Last edited by jkuyken; 06-02-10 at 14:08.

  8. #8
    Join Date
    May 2009
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    508
    Provided Answers: 1
    Irrespective of table size, this is a good thing. If the small tables in question are accessed frequently, then becomes important.
    sathyaram_s, I should have been more specific. What I was trying to indicate is that for tiny code tables with all the rows on 1 page, you will have a table space scan that does not need to be eliminated.

    jkuyken, interesting example. Most of my experience is with the 'old sytle' join with the join predicate in the Where clause.

    In your example, this might work as good as your 2 nested tables:
    Code:
    select a.f1, b.f2
    from a
           inner join 
         b 
           on     a.pk = b.fk
              and a.f1 = cond1 
              and b.f2 = cond2
    By moving the extra filter predicates out of the Where clause and putting with the ON clause, DB2 should be able to filter while joining instead of completely joining the tables first and then filtering the rows.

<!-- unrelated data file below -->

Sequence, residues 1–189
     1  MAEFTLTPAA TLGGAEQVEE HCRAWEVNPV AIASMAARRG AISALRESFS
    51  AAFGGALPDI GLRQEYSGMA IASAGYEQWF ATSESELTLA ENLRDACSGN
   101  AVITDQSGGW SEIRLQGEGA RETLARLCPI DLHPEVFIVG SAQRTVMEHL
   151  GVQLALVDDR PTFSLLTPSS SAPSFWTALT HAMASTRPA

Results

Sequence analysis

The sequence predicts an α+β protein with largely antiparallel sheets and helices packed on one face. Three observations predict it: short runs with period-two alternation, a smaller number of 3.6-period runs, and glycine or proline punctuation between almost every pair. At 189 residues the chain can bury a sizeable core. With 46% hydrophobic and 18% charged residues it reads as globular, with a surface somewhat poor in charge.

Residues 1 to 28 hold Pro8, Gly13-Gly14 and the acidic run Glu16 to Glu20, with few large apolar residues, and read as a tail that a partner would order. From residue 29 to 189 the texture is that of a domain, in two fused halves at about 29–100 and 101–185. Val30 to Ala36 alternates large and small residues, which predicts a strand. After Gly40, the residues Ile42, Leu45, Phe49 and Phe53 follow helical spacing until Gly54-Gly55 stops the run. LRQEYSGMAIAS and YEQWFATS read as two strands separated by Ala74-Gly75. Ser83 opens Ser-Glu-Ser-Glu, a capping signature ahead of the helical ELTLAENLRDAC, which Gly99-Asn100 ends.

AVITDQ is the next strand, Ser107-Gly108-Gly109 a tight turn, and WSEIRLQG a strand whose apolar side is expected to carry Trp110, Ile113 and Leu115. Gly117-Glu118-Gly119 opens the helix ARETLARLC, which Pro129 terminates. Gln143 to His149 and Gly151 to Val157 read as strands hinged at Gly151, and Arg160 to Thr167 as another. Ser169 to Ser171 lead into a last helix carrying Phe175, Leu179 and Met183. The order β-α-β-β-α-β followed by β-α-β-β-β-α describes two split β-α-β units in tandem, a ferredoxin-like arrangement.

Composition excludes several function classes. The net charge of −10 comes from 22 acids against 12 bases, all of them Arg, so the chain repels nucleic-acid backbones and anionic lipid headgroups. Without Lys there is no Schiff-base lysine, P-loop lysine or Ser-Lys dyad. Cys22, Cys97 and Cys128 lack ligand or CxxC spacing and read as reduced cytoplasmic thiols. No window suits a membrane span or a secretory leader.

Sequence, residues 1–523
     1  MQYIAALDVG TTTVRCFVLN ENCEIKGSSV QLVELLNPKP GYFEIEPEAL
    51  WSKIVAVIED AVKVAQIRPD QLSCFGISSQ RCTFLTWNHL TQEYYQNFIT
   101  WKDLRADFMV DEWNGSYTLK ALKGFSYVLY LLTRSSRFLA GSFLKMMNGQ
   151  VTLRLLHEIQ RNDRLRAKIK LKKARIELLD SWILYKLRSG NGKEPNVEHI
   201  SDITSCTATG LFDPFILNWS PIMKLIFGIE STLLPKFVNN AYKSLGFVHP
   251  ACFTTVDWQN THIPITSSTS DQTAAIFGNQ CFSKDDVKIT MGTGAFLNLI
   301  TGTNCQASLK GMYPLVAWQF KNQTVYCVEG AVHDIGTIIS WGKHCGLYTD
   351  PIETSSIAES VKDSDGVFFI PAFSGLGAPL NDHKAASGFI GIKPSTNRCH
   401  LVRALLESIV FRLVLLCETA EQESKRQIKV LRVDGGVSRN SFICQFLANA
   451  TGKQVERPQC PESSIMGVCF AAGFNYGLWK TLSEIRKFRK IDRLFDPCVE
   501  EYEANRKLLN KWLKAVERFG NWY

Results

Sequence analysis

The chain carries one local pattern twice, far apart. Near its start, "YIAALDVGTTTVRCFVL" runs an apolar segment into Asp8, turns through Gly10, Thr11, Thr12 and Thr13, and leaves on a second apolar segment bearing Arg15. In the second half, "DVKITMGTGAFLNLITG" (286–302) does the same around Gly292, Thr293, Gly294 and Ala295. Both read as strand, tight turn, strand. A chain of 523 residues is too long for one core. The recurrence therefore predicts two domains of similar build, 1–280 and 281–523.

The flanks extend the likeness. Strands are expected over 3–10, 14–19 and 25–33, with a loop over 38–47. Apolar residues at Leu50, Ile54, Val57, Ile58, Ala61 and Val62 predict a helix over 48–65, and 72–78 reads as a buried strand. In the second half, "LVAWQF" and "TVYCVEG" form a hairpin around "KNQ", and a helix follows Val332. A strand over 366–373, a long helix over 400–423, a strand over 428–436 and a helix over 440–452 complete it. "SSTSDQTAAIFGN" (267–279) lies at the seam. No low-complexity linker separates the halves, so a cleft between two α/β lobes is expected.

9. #9
    Join Date
    Dec 2007
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    Posts
    1,328
    Provided Answers: 5
    Also, to rid your self of the high prepare times you could look at going with SQLJ or moving your SQL into a stored procedure. In this way your statements are bound to the database and access path is preselected. I have seen many queries that are joining up to 40 tables and they run subsecond. As to your issues with the queries above I am really suprised that the optimizer did not rewrite them to where they were pretty much the same, you should be taking a look at your explain to see why the difference in execution times.
    Dave